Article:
Displaced single mother ends up in another Dartmouth hotel due to a lack of housing options

Click to play video: 'Single mother on social assistance displaced from Dartmouth hotel' Single mother on social assistance displaced from Dartmouth hotel
Last week, a Dartmouth hotel terminated its relationship with the department of community services, leaving several families on social assistance scrambling to find housing. One of the single mothers who was displaced, has been placed into another hotel with her children. – Feb 27, 2020

When single mother-of-five Mikki Rhyno ended up on social assistance due to traumatic life experiences, the last place she thought she’d end up is a hotel room.

However, despite her social worker’s best efforts to find her stable housing, Rhyno says the only options have been hotel rooms.

Several social assistance clients were displaced with the Travelodge Dartmouth gave them 48 hours to leave. The hotel wouldn’t discuss details, other than they’re ‘cutting ties’ with community services. Alexa MacLean/Global Halifax

Rhyno isn’t alone. Last week, several social assistance clients who were placed in the Travelodge Suites, say they returned to their rooms to find notices taped to their doors telling them the hotel “cut tie” with the Department of Community Services (DCS).

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The clients had 48 hours to leave the property because their stays “weren’t being extended.”

READ MORE: ‘They’re basically giving us the boot’: Dartmouth hotel terminates reservations with social assistance guests

Scrambling to find a new home, Rhyno says the best option her social worker could find was another hotel in Dartmouth. Rhyno says affordable and safe housing is practically non-existent, especially for single mothers on social assistance.

She says oftentimes when she contacts landlords, they don’t reply.

“I’m very honest and I outright ask them if they accept applicants on social assistance and I’ve been told no, or I don’t even get a reply back. It’s heartbreaking, I’m stuck in a hotel with my children. There’s no stability, there’s no security,” she says.

Community Services Minister Kelly Regan says hotels are a “temporary” placement for DCS clients in need of housing. She says the majority of people placed into hotels are only there short term and because they need medical appointments.

“Seventy-five per cent of those situations are in fact, people coming to a place other than their hometown for medical situations. So they’re receiving treatment,” Regan said.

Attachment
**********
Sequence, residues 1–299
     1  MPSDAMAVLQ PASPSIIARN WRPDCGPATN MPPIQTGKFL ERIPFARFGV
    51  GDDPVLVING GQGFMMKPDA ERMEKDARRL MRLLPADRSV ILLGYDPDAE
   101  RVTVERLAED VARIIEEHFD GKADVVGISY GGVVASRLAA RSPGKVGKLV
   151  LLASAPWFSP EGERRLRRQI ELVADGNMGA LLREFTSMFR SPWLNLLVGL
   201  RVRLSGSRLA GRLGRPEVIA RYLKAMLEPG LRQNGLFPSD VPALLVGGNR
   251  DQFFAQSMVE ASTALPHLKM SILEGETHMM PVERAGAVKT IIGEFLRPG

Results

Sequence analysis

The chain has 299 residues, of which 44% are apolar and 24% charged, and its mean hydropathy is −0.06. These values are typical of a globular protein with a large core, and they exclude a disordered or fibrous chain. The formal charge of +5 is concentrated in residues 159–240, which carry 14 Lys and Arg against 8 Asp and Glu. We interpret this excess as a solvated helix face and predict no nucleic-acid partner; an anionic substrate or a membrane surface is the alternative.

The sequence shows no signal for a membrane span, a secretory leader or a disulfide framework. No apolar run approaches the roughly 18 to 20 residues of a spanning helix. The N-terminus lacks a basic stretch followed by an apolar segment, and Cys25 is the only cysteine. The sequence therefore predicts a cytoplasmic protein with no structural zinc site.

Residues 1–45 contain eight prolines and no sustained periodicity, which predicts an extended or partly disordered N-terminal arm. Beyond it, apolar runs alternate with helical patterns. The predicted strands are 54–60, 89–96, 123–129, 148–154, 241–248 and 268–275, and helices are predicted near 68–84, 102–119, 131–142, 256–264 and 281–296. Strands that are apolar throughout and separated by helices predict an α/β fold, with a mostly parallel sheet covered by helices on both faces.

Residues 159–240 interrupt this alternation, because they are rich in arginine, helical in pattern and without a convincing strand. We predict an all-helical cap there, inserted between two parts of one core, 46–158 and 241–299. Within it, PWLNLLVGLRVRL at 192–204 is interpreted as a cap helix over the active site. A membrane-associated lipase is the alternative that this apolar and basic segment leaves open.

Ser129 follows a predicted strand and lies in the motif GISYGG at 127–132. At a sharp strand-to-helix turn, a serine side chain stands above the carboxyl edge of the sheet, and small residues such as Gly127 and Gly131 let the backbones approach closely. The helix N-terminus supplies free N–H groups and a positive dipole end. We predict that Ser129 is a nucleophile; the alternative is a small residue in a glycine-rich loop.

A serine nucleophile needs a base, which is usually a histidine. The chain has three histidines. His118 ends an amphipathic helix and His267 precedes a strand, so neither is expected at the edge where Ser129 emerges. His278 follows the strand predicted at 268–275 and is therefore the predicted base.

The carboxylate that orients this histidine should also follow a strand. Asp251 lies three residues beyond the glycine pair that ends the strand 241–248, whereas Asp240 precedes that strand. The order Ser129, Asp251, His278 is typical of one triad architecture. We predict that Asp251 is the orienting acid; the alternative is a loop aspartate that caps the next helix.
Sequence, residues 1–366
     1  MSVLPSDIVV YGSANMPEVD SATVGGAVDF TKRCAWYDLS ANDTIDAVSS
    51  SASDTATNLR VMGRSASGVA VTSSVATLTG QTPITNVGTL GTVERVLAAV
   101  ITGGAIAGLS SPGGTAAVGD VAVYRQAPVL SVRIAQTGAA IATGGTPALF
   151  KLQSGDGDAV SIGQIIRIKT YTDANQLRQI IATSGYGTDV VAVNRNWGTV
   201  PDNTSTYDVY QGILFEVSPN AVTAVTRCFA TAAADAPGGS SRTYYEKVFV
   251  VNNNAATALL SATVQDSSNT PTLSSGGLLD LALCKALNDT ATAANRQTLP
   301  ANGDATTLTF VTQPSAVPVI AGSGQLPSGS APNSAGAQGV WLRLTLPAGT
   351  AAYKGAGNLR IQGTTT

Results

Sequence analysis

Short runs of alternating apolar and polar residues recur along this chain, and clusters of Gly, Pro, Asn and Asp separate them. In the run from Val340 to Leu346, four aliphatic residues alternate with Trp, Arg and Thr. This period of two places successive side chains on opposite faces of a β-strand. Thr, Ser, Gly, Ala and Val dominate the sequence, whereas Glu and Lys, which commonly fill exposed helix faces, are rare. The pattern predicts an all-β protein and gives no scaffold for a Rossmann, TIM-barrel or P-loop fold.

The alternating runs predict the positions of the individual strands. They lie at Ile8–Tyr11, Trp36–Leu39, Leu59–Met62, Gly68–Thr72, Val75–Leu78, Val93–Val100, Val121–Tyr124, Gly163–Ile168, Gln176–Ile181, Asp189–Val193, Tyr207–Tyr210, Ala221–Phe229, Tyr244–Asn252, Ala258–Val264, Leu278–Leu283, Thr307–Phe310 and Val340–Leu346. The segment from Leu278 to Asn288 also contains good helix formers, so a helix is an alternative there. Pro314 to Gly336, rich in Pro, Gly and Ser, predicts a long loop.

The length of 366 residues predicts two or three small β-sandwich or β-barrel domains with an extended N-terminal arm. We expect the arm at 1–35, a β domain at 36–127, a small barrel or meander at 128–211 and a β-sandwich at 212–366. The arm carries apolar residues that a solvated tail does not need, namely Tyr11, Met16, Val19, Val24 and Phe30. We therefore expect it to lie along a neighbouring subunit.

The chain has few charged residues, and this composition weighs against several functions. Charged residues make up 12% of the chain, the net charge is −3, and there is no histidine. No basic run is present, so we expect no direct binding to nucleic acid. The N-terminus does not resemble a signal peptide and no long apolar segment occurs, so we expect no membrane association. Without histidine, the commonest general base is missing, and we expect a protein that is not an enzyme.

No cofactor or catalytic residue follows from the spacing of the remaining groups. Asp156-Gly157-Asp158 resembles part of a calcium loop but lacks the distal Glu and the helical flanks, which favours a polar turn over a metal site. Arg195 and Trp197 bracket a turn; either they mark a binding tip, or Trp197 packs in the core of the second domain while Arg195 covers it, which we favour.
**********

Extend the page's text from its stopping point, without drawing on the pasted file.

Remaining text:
Rhyno says she’s going on two months of “hotel hopping.”

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The recent provincial budget includes millions of dollars in investments for homelessness and housing initiatives, ranging from increases to the Child Benefit to the hiring of 27 more housing support workers.

READ MORE: N.S. budget ‘overlooks’ low rental vacancy rate: critics say

In terms of building new affordable units for people like Rhyno and others, there are 39 slated for construction.

The affordable housing strain, combined with a one per cent rental vacancy rate, leaves non-profit organizations like the Out of the Cold emergency shelter stretched to their breaking point.

“Shelters are not the answer for folks that have nowhere else to go,” said Jeff Karabanow, an Out of the Cold co-ordinator.

“Housing is a right of our citizens. We should really, really have been investing in a whole slew of different supportive and affordable housing options.”

Karabanow says the shelter had to change their capacity policy this winter due to being inundated with record-high numbers of people in need of a place to sleep.

“We had about 35 to 40 people sleeping with us. There’s 20 cots and we were seeing about 20 people sleeping on the floor, 25 people sleeping on the floor. We have always ran as a 15 bed, small, supportive, little shelter space and this numbers were huge for us,” Karabanow said.

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As a volunteer-run community based shelter, Karabanow says they couldn’t keep up with the demand of people in need of refuge.

Meanwhile, mothers like Rhyno are hoping concrete government actions will be taken to address an affordable housing problem that’s forcing her to raise her children in a hotel room.

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